The information provided to us did not indicate what price Ms. W~ was asking for the piano when she advertised it. It may be that she was simply asking a higher price than the current market value and, therefore, did not get an offer. We suggest further development to ascertain the current market value of the piano. For example, did Ms. W~ get any offers to buy the piano and, if so, what amount was offered? Ms. J~ indicated that the local music store sold one comparable piano over the past year. What was the sale price? Are there other music stores in the area that carry comparable pianos? If so, what price do they charge? Has Ms. W~'s piano been appraised? How much would a pawn shop pay for the piano, given that it could be difficult to sell quickly?
We note that POMS SI 01150.200 contains a provision that, under certain circumstances, allows for conditional SSI benefits for a limited period while an individual attempts to sell a non-liquid resource. The individual must agree to sell the resource at the current market value within a specified period and use the proceeds to refund the overpayment of conditional benefits. POMS SI 01150.200B.1. The period of conditional benefits where personal property is concerned would generally end after three months, except that there could be one three-month extension granted for good cause. SI 01150.201A. The individual must make reasonable efforts to sell the resource, taking all necessary steps to sell the resource through the local media. SI 01150.201B.1. The information provided to us does not indicate whether Ms. W~ was eligible for, or received, conditional benefits under these POMS provisions.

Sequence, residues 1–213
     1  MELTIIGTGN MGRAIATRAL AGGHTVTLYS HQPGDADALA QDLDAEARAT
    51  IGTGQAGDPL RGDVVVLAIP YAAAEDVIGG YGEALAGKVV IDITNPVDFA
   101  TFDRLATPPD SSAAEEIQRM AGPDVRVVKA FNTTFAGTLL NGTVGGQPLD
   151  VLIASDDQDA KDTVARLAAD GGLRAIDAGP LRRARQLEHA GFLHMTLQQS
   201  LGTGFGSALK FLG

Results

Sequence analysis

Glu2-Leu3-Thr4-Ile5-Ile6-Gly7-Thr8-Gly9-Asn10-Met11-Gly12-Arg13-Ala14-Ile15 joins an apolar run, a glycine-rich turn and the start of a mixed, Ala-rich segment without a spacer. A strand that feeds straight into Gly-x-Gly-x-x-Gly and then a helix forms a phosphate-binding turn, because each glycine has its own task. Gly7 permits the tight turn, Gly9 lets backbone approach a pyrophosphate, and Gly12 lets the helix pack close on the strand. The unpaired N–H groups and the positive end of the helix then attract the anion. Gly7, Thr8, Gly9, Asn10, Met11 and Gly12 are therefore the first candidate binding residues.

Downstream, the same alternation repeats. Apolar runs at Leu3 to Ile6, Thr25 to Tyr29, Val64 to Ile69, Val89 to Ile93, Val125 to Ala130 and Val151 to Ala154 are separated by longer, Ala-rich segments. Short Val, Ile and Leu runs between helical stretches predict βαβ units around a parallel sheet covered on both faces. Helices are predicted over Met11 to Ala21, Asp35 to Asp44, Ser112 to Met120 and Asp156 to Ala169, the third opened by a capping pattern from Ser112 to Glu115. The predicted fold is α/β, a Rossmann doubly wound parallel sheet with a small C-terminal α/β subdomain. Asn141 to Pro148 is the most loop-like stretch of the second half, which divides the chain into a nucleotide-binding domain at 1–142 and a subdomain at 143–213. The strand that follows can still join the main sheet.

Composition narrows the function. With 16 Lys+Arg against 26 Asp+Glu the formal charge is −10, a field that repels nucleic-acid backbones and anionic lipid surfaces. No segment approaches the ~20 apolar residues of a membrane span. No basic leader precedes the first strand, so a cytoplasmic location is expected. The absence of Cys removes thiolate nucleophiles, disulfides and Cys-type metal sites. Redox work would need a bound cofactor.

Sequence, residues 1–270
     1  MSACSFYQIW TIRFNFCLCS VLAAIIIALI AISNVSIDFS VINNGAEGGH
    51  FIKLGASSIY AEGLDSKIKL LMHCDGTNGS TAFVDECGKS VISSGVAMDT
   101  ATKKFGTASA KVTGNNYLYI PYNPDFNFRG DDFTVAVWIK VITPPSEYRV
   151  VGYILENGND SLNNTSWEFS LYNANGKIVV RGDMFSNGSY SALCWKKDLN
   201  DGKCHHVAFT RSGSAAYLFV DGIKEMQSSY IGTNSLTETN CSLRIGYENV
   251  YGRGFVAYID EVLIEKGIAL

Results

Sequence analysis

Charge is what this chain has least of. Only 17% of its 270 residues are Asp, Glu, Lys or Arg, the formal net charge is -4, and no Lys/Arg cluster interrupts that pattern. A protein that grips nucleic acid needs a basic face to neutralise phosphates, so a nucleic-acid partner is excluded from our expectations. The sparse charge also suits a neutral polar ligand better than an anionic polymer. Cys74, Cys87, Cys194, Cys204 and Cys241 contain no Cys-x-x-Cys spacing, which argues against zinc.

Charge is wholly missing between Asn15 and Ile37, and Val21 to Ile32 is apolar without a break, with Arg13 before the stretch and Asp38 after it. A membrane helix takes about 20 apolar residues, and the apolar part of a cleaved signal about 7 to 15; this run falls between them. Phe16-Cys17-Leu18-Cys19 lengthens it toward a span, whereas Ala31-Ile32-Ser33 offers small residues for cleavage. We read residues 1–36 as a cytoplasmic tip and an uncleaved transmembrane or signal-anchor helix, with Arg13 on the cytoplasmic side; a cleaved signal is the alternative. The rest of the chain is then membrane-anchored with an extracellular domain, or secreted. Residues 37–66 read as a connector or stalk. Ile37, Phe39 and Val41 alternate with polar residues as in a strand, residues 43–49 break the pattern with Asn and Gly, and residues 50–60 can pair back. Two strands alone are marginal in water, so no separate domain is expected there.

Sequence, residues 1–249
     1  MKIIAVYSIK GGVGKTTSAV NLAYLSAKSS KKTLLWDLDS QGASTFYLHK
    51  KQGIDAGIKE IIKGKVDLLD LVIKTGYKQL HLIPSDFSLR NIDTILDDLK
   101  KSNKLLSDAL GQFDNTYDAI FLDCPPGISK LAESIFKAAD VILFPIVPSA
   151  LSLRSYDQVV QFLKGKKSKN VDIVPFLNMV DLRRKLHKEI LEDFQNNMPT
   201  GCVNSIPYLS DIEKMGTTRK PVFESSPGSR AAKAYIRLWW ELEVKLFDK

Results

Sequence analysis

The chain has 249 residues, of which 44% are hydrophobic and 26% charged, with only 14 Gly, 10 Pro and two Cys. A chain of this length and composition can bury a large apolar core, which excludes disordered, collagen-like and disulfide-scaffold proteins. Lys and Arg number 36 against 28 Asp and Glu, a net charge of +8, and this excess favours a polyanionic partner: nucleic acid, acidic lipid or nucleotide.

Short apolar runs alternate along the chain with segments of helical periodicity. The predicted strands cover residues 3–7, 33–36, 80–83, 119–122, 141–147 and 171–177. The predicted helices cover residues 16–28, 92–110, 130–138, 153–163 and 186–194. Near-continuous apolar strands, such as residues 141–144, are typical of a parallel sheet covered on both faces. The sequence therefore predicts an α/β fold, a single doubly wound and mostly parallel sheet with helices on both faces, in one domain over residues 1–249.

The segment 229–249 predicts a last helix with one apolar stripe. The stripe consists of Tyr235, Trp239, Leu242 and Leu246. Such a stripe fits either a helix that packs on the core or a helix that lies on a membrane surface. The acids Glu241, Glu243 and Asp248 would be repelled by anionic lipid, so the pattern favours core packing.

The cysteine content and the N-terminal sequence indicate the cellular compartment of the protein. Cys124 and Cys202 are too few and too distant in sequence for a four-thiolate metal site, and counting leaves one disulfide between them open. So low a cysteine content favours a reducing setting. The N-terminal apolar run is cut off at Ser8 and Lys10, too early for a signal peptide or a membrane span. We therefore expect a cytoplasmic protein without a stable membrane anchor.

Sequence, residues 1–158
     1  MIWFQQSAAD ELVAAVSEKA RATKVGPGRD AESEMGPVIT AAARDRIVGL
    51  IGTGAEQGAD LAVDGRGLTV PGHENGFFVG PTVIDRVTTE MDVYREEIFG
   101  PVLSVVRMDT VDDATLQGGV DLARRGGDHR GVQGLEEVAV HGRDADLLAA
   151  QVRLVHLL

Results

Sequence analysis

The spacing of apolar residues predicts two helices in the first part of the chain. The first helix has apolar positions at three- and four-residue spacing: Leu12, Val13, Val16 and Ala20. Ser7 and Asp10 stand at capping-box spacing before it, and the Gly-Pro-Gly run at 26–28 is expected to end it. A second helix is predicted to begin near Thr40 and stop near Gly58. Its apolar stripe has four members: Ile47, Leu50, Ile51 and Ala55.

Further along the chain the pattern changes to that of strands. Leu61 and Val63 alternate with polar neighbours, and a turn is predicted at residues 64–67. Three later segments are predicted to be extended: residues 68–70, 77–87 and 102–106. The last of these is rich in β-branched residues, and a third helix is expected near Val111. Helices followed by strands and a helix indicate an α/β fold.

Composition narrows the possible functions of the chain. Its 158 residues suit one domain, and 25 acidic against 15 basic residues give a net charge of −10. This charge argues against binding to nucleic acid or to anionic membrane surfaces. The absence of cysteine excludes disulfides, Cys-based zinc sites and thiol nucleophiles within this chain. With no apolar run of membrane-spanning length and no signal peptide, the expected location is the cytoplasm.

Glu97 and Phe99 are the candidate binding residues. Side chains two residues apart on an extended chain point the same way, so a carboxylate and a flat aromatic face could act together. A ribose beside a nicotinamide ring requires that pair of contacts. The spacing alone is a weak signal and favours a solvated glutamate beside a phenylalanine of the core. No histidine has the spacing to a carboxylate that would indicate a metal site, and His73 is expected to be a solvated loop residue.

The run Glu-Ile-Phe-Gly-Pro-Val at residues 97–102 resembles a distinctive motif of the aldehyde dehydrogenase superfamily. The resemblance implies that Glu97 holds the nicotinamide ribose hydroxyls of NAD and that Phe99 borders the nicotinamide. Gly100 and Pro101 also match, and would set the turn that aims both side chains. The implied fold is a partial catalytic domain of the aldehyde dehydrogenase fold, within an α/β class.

We also note that, even if Ms. W~ purchased the piano for $7000, and if the Agency determines that the current market value of her piano is less than $7000, it does not necessarily mean that her purchase was a transfer for less than fair market value. See POMS SI 01150.005A. (transfers of resources for less than fair market value after December 14, 1999 may result in a period of SSI ineligibility). Nor does the fact that Ms. W~ may not be able to sell her piano for the same price she paid mean that she paid more than the fair market value. Fair market value is the current market value of a resource at the time the resource is transferred, i.e., the going price for which it could reasonably be expected to sell at the time, on the open market in the geographic area involved. POMS SI 01150.005. If Ms. W~ bought her piano on the open market, e.g., from a merchant, the $7000 purchase price is assumed to be the fair market value at the time of the transfer. POMS SI 01140.005C.4.a. It may be that the value of the piano has depreciated since its purchase, or simply that the going price for a comparable piano was $7000 at the time of the purchase but is less now due to economic conditions. A prospective buyer might be willing to pay more for a piano bought from a merchant whose reputation is known than he would pay in a private sale by a stranger. A merchant might also be in a position to charge more because he could offer a factory guarantee or a store guarantee that a private seller like Ms. W~ cannot offer. Finally, a merchant might be in a position to wait until a buyer came along who was willing to pay a higher price. Thus, the current market value of the piano, in Ms. W~'s hands, may be less th